Redskins Defensive Focus the Right Call for the Offseason
While it is still early in the offseason and a lot will happen between now and training camp to re-shape the Redskins roster, the early moves have been focused solely on the defense, and rebuilding that side of the football. In the 5 years since Mike Shanahan and Bruce Allen came to town, the defense has played a secondary role to the offense when it comes to the use of resources applied to build the unit. Between a lack of resources and overall poor talent acquisition of Shanahan and Allen led to the Redskins having a horrendous stretch of finishing 21st or worse in points allowed in each of the last 5 years. Four out of the past five years they have finished in the bottom half in yards as well. They have fared slightly better in turnovers, but as a whole the last 5 years as been one of the worst defensive runs in Redskins history.
When looking at their defensive depth chart from a year ago it was clear that the Redskins needed to re-shape their roster and refocus their attention to the defensive side of the ball. The defensive line has been the main focus of new G.M. Scot McCloughan and new defensive coaching staff so far has been building a new defensive line. With three quality signings of Stephen Paea, Terrance Knighton and Ricky Jean Francois, the Redskins now have the pieces to field a very capable every down defensive line.
Last season Stephen Bowen, who was considered a free agent disappointment, was the only defensive lineman who came close to generating pressure at a consistent level. Of the 10.5 sacks and 76 pressures the defensive line is credited with according to Pro Football Focus, Bowen is responsible for 5.5 of those sacks and 32 of the pressures, the other 7 defensive lineman who took a snap for the Redskins combined for the other 5 sacks and 44 pressures. The addition of Paea should change all of that as he had 6 sacks and 42 pressures of his own last season (note he did play more snaps that Hatcher which accounts for some of the better production). Paea and Hatcher give the Redskins a pair of quality rushers who can wreck havoc either in a 3 man front or as defensive tackles in a nickel defense. Ricky Jean Francois and Knighton are more of run stoppers, but even they might be slight upgrades over the inept pass rush the Redskins gained from Jarvis Jenkins, Stephen Bowen and Barry Cofield last year.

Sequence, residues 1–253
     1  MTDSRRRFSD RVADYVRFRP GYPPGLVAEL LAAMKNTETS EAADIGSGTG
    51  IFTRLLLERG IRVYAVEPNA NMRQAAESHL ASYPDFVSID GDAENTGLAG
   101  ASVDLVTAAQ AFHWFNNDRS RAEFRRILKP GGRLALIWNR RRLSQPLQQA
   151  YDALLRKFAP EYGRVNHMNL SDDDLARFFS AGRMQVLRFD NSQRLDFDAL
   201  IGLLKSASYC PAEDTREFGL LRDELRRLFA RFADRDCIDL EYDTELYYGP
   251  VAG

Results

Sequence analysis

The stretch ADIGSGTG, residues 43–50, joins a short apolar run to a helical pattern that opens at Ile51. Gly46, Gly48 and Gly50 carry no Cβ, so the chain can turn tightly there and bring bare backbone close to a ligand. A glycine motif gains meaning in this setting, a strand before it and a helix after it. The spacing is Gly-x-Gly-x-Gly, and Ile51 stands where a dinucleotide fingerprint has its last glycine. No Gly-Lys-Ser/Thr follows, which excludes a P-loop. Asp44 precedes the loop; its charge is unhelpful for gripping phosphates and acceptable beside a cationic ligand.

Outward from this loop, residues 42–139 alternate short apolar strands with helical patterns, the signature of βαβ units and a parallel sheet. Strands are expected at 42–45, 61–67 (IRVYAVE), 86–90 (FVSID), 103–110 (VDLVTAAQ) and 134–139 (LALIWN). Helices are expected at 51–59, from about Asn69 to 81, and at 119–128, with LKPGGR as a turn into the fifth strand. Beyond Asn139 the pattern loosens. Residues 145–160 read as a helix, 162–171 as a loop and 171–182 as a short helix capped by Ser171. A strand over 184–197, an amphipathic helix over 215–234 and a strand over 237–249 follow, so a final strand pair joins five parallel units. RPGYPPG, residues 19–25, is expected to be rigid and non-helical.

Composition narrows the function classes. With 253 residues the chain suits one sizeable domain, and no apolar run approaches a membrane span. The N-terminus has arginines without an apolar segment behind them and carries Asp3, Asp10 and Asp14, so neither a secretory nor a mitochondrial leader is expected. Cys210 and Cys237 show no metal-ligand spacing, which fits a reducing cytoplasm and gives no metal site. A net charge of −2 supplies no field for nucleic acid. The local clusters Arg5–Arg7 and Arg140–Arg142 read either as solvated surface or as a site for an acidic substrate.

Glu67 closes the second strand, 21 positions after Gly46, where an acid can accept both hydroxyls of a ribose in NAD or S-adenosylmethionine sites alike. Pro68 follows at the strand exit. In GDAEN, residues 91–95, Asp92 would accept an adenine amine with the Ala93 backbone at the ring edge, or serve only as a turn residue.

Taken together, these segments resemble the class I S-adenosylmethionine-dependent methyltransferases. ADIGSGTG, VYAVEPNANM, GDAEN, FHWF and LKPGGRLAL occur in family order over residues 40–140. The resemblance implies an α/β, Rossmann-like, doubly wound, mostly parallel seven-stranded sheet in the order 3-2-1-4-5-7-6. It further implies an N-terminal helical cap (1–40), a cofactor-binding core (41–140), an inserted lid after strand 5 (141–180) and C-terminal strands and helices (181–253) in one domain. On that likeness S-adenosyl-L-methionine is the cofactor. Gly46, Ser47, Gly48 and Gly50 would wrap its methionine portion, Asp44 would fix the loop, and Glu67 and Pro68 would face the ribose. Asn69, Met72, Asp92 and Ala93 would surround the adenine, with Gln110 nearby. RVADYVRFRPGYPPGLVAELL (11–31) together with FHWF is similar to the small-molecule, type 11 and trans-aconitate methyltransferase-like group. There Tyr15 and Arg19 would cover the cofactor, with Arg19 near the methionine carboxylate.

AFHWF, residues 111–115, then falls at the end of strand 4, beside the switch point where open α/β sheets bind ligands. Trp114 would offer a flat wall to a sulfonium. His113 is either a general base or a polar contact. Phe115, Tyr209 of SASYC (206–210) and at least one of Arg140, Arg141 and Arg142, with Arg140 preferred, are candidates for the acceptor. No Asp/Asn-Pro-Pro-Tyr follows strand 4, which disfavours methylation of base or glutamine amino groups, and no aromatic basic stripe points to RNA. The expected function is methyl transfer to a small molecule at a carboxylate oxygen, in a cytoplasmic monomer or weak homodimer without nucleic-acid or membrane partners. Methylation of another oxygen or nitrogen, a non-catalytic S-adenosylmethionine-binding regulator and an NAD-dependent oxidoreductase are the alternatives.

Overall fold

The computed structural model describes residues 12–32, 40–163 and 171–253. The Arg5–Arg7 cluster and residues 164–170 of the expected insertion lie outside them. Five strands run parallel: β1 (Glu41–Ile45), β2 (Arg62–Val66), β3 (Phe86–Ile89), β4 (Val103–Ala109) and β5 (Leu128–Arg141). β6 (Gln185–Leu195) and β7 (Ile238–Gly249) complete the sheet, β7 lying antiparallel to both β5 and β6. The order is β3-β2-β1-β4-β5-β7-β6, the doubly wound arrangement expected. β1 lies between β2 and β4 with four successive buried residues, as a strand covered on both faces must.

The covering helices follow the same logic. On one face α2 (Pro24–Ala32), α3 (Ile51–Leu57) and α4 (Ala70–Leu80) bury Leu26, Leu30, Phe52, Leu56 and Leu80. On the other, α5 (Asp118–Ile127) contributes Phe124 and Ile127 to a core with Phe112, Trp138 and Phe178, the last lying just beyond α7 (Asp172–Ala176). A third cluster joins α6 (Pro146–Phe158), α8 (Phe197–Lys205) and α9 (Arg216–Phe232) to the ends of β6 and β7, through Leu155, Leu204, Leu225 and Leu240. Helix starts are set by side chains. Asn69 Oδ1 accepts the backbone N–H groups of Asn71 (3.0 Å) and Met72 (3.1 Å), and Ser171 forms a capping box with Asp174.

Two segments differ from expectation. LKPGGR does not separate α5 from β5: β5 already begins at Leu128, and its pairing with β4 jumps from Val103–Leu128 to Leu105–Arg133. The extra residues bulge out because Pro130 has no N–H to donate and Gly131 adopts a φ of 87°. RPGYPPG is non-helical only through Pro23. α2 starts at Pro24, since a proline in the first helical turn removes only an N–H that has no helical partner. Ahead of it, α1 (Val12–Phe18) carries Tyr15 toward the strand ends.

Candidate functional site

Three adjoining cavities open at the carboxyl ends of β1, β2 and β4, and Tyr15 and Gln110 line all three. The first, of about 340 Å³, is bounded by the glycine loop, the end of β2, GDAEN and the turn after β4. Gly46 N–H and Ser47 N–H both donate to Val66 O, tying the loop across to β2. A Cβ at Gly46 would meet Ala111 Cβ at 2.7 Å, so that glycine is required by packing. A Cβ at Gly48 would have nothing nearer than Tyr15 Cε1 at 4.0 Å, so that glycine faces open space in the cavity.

Where Jean Francois and Knighton to come into play is as very strong run defenders. The Redskins have actually been solid against the run in recent years, but there was room for improvement and with Jenkins and Cofield leaving, replacements needed to be found. Jean Francois has consistently been a solid run defender, and should give the Redskins a lot of early down snaps subbing in for one of Hatcher or Paea. Knighton is probably one of the 5 best interior run defenders in the league. He should play primarily on early downs and in short yardage situations, but when he’s on the field he will make it tough for the Redskins opponents to run up the middle. With these three additions to go along with Hatcher and fellow holdover Chris Baker, the Redskins defensive line figures to be pretty well set for next season.
The Redskins have also signed corner Chris Culliver from the 49ers. He appears set to start opposite Bashaud Breeland at corner for the Redskins, which would be a major upgrade for the Redskins from former 2nd round pick David Amerson who has struggled considerably in his two years with the Redskins. With Culliver and Breeland set on the outside at corner the question now becomes what do the Redskins do with the slot corner role. Culliver has never been one to cover the slot, even before he got a starting job with the 49ers. Breeland played some limited snaps inside as a rookie, but doesn’t seem likely to kick inside, unless a bigger receiver lines up inside for a snap. Amerson who was displaced by Culliver has very limited experience inside and his skill set isn’t a fit with a more permanent role there. This may leave the Redskins to turn another season towards Tracy Porter as the slot corner if they can’t find an adequate replacement. It’s not ideal, but it currently is the best option the Redskins have.
The Redskins are not done re-shaping their defense as they still have big needs at ROLB, slot corner, free safety and strong safety, as well as an upgrade over Perry Riley at ILB, but they have had a good start to their offseason. They may not be able to fill or fix all of these roles this season, but already it looks like their defense will be more of a threat this season than it has in past years. This defense isn’t going to be one that is confused with the Seahawks next season, but it is moving in the right direction and may be closer to middle of the pack.